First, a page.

For the conditions we have so far assumed, involving moderate-energy photons, we might expect the scattered-photon fluence near the surface of photon incidence to be greater for the Lucite than for typical woods. This conclusion would apply whether referring to moderate, finite thicknesses (such as a few cm), or radiologically infinite thicknesses. For very low, or possibly very high-energy photons, relatively fewer Compton scatter events will occur in wood compared to Lucite, thus increasing the differential between Lucite and wood even more. A modifying consideration that would have to be applied, depending on the specific energies of the scattered photons being considered and on the thickness of the scattering material, is the attenuation of the scattered photons reaching the measurement point. For example, backscattered photons from 1 MeV incident photons have energies of about 0.20 MeV. Such photons traversing a thickness of 1 cm in Lucite would be attenuated by about 15%, while the same photons traversing 1 cm in the described wood would be attenuated by about 8%. This effect works in opposition to the electron-density effect and the geometry effect that we mentioned, and it becomes greater as thicknesses increase. For relatively modest and equal thicknesses of the two materials, I would expect the reduced number of electrons in wood, compared to Lucite, to have a greater effect than the attenuation of the scattered photons for moderate-energy incident photons, leading to a higher fluence of backscattered photons from Lucite compared to wood. Other situations would require further analysis.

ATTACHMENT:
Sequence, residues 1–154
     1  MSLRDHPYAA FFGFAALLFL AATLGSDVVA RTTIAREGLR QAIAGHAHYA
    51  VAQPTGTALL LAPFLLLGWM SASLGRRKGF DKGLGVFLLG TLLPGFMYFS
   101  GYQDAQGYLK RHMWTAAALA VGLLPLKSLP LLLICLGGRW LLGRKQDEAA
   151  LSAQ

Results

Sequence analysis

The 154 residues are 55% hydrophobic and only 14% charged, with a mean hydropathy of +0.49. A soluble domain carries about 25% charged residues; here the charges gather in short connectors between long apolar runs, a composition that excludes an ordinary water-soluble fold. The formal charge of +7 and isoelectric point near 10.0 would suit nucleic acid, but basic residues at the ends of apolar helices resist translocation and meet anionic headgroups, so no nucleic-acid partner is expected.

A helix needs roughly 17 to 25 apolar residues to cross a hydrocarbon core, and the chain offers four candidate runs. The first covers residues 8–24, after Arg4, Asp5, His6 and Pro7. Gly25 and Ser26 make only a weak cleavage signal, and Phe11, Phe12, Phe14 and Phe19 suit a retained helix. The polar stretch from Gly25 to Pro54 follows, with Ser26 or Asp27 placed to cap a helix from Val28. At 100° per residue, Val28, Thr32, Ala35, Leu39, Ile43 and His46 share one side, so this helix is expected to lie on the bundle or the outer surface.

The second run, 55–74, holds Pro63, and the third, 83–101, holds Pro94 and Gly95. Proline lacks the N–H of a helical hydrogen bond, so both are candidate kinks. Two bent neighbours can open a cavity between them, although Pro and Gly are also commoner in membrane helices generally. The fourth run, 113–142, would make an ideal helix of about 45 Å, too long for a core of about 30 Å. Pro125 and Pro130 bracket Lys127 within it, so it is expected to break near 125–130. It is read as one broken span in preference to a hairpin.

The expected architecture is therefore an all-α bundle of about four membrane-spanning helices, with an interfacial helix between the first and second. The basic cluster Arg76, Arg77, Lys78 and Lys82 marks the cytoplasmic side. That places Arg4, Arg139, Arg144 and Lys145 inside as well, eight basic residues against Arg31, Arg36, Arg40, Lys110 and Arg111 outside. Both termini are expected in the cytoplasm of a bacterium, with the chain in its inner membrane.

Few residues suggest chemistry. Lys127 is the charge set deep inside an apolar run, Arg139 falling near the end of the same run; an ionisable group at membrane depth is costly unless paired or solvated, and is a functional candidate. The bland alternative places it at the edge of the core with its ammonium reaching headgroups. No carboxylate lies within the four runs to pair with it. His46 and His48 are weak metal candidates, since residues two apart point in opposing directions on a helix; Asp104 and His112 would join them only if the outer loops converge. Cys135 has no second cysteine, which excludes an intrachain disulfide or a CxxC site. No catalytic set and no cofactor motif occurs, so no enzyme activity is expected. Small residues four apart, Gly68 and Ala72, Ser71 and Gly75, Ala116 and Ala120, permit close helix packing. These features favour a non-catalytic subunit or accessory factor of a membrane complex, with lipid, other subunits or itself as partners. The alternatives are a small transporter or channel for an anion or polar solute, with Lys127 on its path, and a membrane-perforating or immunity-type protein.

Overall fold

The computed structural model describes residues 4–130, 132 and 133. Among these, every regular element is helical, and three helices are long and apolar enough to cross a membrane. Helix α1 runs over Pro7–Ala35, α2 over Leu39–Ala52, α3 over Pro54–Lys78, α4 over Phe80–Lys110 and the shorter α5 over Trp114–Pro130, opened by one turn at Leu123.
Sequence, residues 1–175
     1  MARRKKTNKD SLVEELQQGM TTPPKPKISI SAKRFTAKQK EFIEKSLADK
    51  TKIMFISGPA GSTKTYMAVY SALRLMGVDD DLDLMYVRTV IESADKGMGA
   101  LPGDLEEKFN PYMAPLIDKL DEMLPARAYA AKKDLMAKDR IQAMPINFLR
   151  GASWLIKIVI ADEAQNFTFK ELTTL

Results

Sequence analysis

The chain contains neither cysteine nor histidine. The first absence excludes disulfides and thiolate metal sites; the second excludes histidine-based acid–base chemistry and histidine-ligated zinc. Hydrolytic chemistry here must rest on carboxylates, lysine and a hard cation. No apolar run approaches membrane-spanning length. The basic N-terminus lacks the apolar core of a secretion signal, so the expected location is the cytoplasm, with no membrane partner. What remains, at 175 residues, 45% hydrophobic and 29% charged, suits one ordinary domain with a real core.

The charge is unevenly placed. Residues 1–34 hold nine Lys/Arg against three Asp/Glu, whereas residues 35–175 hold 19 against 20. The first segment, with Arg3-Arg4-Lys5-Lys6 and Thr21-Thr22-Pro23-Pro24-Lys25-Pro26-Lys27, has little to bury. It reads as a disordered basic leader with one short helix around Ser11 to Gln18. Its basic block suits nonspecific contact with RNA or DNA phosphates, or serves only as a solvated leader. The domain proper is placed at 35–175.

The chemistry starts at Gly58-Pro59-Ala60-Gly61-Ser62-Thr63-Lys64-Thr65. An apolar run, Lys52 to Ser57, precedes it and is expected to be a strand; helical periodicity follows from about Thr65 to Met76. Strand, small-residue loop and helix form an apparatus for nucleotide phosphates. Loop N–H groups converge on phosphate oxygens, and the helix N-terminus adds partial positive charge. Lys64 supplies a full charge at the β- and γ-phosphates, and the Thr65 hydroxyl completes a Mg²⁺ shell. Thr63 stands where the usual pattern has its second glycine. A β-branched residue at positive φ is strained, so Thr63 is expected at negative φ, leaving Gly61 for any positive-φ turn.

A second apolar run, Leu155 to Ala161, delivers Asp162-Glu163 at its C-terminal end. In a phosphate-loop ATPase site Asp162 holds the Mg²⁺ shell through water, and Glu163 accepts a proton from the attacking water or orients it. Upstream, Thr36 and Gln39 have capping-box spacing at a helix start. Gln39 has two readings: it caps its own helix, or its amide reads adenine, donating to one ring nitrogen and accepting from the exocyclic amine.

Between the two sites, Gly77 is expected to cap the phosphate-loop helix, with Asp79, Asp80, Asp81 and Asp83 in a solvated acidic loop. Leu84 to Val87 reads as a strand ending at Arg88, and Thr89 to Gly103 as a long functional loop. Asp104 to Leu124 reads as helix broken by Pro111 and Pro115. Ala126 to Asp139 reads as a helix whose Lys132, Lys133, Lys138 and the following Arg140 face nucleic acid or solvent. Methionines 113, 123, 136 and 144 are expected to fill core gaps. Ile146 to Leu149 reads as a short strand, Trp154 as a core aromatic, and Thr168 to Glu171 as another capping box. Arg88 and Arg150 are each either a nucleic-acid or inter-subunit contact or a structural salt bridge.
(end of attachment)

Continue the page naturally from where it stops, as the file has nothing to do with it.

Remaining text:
George Chabot, PhD